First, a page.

Internet chat boards remain places where all sorts of relationships take root. Even so it's not often that they're thought of as midwives for music. We have the Jazz Corner's Speakeasy to thank, at least in part, for the particular artistic partnership that resulted in this new Clean Feed compact disc. Trumpeter Dennis Gonzalez and saxophonist Ellery Eskelin each have ongoing forums at the site that allow regulars and visitors to posit questions about their respective musical endeavors. The two hadn't worked together in the past, but through correspondence quickly recognized a compatibility that eventually found fruition in this studio session.
Gonzalez is the erstwhile leader, contributing the compositions and lending his name to the top of the band's masthead, but his egalitarian approach makes Eskelin, along with bassist Mark Helias and drummer Mike Thompson, equals in the enterprise. The recording opens with the disc's eponymous suite, culled from a late November '03 studio date. Lengthy at just under forty minutes its three sections offer plenty of space for spirited blowing on sketched melodic and harmonic structures. A few segments of the suite threaten to ramble and fray, but the majority of the music retains an impressive cogency and focus. Solos rise and recede, connected by tethers of ensemble interplay that belie the band's nascency at the time of the session. All four men are textural players with abiding respect for melody. The attention to tonal color in their respective contributions is a key constituent in the music's success. Gonzalez and Eskelin make for a particularly potent team, the latter's dusky resonating phrases threading with the cool cerulean smears of the Texan's punctilious brass.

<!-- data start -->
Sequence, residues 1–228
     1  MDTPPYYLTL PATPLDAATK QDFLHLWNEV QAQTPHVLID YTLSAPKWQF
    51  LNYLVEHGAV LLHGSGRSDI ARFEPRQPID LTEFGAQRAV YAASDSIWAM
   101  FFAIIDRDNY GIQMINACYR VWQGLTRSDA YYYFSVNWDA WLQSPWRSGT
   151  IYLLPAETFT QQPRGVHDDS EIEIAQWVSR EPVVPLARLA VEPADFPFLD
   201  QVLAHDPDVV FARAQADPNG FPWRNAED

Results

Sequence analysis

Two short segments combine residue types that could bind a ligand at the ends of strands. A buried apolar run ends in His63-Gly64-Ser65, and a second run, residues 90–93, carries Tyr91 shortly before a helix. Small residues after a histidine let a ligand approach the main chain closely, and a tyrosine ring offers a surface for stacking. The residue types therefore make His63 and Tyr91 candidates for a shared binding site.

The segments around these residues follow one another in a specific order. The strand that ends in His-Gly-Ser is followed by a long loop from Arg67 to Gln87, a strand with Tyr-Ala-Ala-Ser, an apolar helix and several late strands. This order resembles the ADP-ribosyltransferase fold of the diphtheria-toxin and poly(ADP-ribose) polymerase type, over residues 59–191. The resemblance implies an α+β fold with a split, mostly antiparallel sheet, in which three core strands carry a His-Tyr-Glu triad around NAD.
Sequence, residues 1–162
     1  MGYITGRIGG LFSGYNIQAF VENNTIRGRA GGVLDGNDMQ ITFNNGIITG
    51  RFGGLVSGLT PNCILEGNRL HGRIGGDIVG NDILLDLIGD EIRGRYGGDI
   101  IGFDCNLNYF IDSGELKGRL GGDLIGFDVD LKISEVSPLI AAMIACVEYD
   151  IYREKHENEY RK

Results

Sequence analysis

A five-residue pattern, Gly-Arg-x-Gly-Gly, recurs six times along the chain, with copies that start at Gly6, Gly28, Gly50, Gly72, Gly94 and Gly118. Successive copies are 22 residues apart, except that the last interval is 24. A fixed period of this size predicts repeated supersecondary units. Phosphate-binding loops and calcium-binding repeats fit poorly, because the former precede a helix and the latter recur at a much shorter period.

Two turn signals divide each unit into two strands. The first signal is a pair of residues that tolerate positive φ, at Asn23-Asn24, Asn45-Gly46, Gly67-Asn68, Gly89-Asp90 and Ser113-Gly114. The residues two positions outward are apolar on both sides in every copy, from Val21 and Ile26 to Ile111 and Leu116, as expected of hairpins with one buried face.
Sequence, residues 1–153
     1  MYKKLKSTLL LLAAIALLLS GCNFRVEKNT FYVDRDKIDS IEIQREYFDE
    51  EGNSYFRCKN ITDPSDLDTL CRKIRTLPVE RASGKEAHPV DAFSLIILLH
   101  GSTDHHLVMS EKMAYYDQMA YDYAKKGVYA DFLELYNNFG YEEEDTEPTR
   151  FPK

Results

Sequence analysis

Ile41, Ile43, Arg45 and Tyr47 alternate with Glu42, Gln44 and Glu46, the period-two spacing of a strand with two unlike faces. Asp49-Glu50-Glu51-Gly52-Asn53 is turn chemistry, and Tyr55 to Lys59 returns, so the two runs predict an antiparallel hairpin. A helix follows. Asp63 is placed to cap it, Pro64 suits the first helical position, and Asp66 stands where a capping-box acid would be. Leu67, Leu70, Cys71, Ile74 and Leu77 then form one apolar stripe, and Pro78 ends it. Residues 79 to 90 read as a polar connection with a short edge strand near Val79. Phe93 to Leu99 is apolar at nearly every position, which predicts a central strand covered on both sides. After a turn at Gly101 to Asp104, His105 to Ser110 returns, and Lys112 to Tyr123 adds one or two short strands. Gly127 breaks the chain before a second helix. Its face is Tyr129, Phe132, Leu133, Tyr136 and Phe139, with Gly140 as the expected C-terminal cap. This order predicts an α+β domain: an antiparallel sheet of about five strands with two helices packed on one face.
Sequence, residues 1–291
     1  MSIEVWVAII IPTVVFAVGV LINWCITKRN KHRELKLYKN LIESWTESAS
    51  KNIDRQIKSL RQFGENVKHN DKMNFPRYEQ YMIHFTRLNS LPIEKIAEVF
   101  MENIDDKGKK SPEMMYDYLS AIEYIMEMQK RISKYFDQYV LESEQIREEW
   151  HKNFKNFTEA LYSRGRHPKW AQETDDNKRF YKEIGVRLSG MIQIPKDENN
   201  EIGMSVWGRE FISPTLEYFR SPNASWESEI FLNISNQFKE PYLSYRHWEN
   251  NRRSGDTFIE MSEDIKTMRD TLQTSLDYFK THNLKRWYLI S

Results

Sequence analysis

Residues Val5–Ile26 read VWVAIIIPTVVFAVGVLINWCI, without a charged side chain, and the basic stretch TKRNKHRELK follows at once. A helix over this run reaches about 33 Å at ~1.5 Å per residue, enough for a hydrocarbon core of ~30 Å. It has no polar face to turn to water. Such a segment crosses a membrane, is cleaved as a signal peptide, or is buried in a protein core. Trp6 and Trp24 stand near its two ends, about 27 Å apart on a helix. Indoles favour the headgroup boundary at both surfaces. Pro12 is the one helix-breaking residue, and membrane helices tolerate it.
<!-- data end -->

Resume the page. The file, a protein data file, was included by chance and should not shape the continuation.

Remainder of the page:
What's most striking to me is the amount of restraint and care that four inculcate into the music. Each man is capable of easily blowing the hair back with typhoon gusts from his respective instrument, but they choose to place emphasis on slow burn progress instead. Even up-tempo pieces like "Runaway Taxi Uptown" harbor strong lyrical undercurrents. Theirs is a thinking person's improv and attention to processural elaboration results sections of exquisite tension and release. Some technical foibles too, as when Helias amp emits an intrusive bumblebee buzz at the beginning of "Angels of the Dark Streets," but the fortitude of the music mostly subsumes them.
The disc's final three pieces originate from a live date recorded at Tonic three months early in August of '03 in conjunction with a trumpet festival organized by Roy Campbell and Dave Douglas. Curiously enough the sound is even better on these, though a slight reverb does trail Eskelin's lines, most noticeably on his gorgeous prefatory solo to "Hymn for the Elders." It's a locution laced with deep romanticism, accentuated when Gonzalez joins him in a rich spate of verdant harmonizing atop the swaying rhythm of Helias and Thompson. The strength and sensitivity endemic to their collaboration casts an expectant light toward future conclaves. This particular seed is sure to bear future fruit.
NY Midnight Suite: [III] Sketch the Wings of Midnight/ [II] Angels of the Dark Streets/ [I] Runaway Taxi Uptown/ Hymn for the Elders/ Dominant Fang/ New Short Song.
Dennis Gonzalez- trumpet; Ellery Eskelin- tenor saxophone; Mark Helias- double bass; Mike Thompson- drums. Recorded: August 9 and November 22, 2003, NYC.
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